AkzoNobel Collision Industry Experts Event Focuses on Business Strategies for Repairers

Attendees learned about four-day workweeks, choosing the right OEM certifications for their shops and more.

AkzoNobel team members and industry speakers shared insight about topical issues during the May 9 Collision Industry Experts Event.

Approximately 280 shop owners from 180 cities and 28 states gathered May 9 at the AkzoNobel Collision Industry Experts Event (CIEE) in Orange, CA.

Throughout the day, attendees had an opportunity to network with colleagues and attend educational sessions led by AkzoNobel team members.

To be successful in a competitive environment, Dan Carranza, AkzoNobel’s national sales director, Vehicle Refinishes USA-Mexico, stressed the importance of continuous learning and working on the business.

Dan CarranzaDan Carranza of AkzoNobel welcoming shop owners.

“It’s the work you are doing when the lights are off, outside of 8-5, attending functions like this and honing in on your craft,” he said.

Highlights from Educational Sessions

Amy Durbin, Vehicle Refinishes key account manager and former North America talent acquisition manager, discussed small business human resources (HR) best practices and recommended managers “know what they need to know” daily to do the right thing. She said HR compliance doesn’t have to be complicated and imparted some basic compliance principles.

Business services consultant Tony Adams talked about implementing a four-day workweek. He explored the pros and cons of how a shop owner can decide if it is the right fit for their facility. Kena Dacus, owner of Dacus Auto Body & Collision Repair in Kansas, also shared her shop’s experience implementing this atypical schedule for employees.

Tim Ronak, senior services business consultant, assisted shop owners and managers in navigating the OEM selection and application process. This included exploring the best opportunities for OEM certifications, which ones make financial sense for the facility, and how to get started. He also reviewed current tools to capitalize on OEM certification options.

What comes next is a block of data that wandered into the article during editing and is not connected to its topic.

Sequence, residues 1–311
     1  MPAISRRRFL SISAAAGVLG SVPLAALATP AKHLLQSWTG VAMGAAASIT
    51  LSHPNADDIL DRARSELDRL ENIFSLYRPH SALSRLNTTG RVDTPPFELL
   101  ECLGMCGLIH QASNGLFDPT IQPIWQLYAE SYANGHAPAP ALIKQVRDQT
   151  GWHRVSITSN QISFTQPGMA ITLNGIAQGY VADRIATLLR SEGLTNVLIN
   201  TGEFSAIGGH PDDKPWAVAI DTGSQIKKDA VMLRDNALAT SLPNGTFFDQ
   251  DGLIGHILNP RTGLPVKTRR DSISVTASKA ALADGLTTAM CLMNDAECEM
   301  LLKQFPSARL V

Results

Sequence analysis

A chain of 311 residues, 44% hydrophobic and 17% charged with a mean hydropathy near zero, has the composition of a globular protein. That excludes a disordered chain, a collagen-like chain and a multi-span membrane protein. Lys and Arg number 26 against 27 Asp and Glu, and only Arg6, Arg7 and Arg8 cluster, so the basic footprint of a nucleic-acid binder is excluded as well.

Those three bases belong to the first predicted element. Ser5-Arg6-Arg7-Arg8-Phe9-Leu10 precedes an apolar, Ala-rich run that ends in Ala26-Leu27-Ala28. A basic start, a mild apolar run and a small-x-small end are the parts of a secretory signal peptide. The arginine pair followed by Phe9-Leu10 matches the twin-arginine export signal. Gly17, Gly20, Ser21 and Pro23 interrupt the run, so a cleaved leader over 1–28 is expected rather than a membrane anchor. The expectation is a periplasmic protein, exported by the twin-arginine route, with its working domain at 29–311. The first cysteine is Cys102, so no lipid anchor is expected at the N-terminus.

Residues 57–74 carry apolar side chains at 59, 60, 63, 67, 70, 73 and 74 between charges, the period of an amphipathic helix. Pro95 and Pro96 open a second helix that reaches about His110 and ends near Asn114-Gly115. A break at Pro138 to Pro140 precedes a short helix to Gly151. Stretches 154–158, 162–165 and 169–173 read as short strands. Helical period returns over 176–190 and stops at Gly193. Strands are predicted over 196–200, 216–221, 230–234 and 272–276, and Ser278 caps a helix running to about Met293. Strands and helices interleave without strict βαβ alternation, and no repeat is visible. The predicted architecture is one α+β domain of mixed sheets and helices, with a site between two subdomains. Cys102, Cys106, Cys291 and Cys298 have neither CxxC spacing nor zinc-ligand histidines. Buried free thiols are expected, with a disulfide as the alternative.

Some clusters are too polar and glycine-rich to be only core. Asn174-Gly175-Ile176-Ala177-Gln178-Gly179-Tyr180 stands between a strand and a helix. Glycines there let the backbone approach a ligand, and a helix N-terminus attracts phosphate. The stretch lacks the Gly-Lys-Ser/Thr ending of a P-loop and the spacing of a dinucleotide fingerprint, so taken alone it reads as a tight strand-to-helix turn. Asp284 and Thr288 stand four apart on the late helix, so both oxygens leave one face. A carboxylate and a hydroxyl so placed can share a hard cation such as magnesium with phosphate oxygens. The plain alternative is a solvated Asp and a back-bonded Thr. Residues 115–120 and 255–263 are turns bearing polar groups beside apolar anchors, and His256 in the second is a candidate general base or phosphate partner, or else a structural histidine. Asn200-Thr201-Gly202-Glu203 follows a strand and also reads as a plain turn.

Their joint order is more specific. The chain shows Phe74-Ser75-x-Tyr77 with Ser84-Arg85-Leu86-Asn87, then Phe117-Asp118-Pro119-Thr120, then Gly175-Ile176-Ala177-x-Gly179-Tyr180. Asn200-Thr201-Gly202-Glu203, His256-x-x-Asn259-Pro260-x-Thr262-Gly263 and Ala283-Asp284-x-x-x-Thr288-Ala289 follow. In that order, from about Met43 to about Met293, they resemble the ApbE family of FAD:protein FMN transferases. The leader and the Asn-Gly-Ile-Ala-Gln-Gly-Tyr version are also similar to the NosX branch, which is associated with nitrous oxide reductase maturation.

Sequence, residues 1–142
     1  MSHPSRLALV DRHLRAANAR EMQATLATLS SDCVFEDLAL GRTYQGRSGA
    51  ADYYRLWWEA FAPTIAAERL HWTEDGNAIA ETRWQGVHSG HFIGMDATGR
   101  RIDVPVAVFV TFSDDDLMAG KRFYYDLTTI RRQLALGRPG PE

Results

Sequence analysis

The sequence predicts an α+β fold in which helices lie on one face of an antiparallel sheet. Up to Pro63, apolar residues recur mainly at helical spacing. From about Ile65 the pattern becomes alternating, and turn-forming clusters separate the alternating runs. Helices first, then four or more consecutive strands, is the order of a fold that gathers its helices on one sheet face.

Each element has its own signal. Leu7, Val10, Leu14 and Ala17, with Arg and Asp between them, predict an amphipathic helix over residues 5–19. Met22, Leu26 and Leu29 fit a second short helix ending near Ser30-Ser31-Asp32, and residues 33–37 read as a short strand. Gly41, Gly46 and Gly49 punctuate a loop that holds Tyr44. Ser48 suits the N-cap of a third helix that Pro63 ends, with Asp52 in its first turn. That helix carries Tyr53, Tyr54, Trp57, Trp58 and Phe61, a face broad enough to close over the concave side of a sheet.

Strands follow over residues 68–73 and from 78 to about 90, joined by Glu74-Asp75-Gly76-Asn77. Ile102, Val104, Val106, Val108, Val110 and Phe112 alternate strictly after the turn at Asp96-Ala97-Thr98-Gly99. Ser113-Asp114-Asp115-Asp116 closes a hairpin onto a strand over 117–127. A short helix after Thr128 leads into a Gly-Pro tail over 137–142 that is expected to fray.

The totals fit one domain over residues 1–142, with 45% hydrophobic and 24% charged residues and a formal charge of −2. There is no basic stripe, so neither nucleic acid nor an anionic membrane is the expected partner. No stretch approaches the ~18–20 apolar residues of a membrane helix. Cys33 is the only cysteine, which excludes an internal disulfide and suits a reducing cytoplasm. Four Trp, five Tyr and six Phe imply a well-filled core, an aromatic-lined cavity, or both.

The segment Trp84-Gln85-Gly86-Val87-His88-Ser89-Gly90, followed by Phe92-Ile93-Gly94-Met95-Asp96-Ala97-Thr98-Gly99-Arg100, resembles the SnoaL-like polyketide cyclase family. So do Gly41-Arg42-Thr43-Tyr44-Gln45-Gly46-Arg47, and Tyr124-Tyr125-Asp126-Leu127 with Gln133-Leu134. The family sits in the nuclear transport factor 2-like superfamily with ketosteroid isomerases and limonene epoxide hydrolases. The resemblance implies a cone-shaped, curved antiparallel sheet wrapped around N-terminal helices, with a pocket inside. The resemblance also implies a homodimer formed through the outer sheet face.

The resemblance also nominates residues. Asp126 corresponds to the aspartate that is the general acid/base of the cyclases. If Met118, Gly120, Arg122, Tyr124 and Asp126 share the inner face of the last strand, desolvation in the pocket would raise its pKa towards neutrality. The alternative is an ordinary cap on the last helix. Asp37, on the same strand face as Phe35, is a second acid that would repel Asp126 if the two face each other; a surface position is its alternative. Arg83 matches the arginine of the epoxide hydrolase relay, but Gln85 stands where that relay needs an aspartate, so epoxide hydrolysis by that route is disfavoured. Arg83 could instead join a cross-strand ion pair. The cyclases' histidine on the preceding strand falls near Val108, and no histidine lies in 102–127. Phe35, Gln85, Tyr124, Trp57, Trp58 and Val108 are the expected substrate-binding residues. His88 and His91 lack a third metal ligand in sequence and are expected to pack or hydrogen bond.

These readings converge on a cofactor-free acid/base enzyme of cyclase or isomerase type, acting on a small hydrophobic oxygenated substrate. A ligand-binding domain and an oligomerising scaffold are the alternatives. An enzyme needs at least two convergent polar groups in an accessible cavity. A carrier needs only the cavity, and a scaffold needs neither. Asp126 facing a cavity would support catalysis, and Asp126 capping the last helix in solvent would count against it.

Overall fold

To help create raving fans at a shop, Rick Fifer, services development manager, talked about the value of managing customers’ expectations and the opportunity to shape customer perception before conducting the initial damage review. He also discussed the impact a shop’s initial damage review and scheduling process have on cycle time and customer satisfaction.

Senior Services Consultant Jeff Baker shared information on how to supercharge staff engagement to maximize profit flow with “Gamification.” He also explored using interactive tools to improve a business’s process, sustain change, improve employment engagement and enhance key measurements.

Collision coach strategies were shared by Jim Lovejoy, senior services consultant. Lovejoy explained why increased awareness of coaching is important, identified attendees’ preferred coaching style, and provided a step-by-step process for coaching employees in three standard situations.

New refinishing processes were discussed by western technical manager Ryan Brown. As vehicle technology evolves, Brown said refinishing systems may impact composite materials. He provided tips on quickly reviewing and identifying the correct refinish process and product to do a proper repair.

Michael Giarrizzo and Pam Giarrizzo from DCR Systems talked about streamlining a business’ process to focus staff and boost profit. During the session, attendees learned techniques to streamline and clearly document and communicate the shop’s process while optimizing staff and equipment. The presenters also reviewed how to identify process waste.

Industry Speakers Provide Insight

Carranza shared the one word he has used -- inspire -- to transform his team, business culture and personal life, based on the book “The One Word That Will Change Your Life.” He also explained his vision of how one word can positively impact the collision repair industry into a “Do Something Industry.”

Debby Robinson, executive director of the National Auto Body Council (NABC), talked about becoming a community collision repairer of choice. She shared insight into creating a community outreach program based on a business’s strategy, time and resources, the area’s needs and employees’ personal interests.

From his experience working with shops, OEMs and software companies, Collision Advice President Mike Anderson discussed what a collision repairer’s business success looks like today vs. what it will look like tomorrow. This included moving to a four-day workweek, trends with OEM insurance and certifications, and how environmental, social and governance (ESG) may impact the industry.

All photos by Stacey Phillips Ronak.

Stacey Phillips Ronak

Stacey Phillips Ronak is an award-winning writer for the automotive industry and a regular columnist for Autobody News based in Southern California.

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